Depending on the sources of your 1099 income, you may need to fill out multiple Schedule Cs. Why? Because the IRS requires you to fill one out for each business type or professional activity you engage in. However, the IRS isn’t incredibly straightforward on what constitutes a separate business type. If you provide different services or goods for different industries, then you will likely need to fill out a Schedule C for each business type or industry. Say, for example, you’re a freelance graphic designer who also drives for Lyft. In this case, you would fill out two Schedule Cs: one for your Lyft income and another for your design income.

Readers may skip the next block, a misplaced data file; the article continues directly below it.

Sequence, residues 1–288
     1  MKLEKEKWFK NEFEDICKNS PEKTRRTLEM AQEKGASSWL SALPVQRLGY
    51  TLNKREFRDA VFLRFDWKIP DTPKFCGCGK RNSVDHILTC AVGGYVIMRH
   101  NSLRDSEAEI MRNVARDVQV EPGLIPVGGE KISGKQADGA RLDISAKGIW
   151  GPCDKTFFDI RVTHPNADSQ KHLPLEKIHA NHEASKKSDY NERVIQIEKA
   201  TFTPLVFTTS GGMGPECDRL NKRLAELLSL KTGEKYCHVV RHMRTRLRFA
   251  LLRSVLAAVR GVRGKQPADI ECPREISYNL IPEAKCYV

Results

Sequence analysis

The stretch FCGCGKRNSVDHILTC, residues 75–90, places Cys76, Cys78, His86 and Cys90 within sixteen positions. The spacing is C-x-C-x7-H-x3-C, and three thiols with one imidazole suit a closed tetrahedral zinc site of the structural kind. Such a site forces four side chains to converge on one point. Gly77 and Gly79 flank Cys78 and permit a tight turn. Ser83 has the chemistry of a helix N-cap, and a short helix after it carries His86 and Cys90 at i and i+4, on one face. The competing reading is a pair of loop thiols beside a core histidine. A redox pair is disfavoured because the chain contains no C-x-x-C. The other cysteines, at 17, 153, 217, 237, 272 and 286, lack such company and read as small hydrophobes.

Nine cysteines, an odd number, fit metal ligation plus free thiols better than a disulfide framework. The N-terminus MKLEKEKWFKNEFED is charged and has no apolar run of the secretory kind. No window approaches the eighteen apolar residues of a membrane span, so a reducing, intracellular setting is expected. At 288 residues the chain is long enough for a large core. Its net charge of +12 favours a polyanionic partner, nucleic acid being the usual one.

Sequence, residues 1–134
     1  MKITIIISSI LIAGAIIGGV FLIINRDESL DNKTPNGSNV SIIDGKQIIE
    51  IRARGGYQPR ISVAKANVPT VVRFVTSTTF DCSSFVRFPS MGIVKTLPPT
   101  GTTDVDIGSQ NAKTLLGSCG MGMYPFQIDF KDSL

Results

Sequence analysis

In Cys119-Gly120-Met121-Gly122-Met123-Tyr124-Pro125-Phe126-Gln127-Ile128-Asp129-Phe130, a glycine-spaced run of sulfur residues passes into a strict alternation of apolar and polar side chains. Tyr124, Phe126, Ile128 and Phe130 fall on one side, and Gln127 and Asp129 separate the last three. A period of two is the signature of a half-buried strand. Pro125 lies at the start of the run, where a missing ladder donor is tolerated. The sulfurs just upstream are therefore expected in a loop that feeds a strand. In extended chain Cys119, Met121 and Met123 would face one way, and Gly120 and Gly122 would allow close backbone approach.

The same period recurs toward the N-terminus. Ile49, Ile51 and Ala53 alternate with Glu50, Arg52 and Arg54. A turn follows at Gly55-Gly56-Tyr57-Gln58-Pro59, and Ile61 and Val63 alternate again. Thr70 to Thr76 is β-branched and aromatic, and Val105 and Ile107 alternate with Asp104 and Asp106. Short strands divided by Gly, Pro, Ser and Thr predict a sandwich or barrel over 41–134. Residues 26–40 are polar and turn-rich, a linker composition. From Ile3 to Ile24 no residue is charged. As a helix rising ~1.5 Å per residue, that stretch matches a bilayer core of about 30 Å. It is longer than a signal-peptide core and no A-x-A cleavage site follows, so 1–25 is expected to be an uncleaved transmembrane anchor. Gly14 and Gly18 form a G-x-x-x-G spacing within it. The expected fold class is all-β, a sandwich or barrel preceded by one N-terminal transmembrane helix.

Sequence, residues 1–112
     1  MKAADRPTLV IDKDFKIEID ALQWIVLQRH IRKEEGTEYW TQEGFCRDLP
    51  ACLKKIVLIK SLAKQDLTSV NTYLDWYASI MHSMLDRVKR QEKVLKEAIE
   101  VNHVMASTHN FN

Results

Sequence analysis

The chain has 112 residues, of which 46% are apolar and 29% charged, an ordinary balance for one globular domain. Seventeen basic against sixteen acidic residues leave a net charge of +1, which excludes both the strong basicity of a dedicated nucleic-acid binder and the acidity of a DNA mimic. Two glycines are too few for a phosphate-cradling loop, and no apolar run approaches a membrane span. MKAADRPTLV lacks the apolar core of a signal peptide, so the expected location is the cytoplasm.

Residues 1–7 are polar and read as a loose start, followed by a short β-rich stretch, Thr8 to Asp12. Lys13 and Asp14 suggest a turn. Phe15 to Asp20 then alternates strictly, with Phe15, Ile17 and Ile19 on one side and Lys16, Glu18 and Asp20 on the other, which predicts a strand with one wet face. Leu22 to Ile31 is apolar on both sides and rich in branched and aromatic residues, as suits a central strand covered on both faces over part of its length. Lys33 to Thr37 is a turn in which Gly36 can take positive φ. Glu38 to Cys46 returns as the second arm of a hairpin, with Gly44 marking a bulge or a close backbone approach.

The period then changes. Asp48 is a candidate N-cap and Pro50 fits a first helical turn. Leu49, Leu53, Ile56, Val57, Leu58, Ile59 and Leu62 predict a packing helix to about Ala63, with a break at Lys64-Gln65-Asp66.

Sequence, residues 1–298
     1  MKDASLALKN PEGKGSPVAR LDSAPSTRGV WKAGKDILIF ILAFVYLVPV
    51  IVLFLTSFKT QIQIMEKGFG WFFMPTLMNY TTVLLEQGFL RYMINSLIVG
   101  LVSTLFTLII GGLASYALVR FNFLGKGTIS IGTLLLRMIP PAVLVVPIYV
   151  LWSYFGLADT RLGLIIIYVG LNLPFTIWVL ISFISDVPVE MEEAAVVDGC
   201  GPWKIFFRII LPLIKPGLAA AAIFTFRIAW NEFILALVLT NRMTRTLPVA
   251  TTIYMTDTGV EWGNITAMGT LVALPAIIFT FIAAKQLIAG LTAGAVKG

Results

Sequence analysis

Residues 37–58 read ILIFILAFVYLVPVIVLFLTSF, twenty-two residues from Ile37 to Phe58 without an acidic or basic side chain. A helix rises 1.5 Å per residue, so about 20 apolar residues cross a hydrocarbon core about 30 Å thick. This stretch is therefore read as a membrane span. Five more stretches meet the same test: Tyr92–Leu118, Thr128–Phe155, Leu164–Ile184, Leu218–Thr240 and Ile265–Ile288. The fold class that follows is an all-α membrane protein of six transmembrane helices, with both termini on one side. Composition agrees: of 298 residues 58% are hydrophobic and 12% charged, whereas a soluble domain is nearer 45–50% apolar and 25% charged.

Let’s walk through the first part of the Schedule C where you enter basic information.
A. Principal Business or Profession
In this line, you’ll describe the type of work you do, like “driving services” or “design services.”
The code referred to in this line corresponds with the “Principal Business or Professional Activity Code” that the IRS uses to keep track of industries’ growth. You’ll need to find the code for the type of business you run. Here’s a list of principal activity codes.
C, D, E. Business Name, EIN and Address
You only need to fill out business name and employer identification number (EIN) if you’ve registered your services as an incorporated business (e.g. LLC). It’s alright to leave those blank if you’ve not registered your business. The address should be your up-to-date personal address or office space address.
F. Accounting Method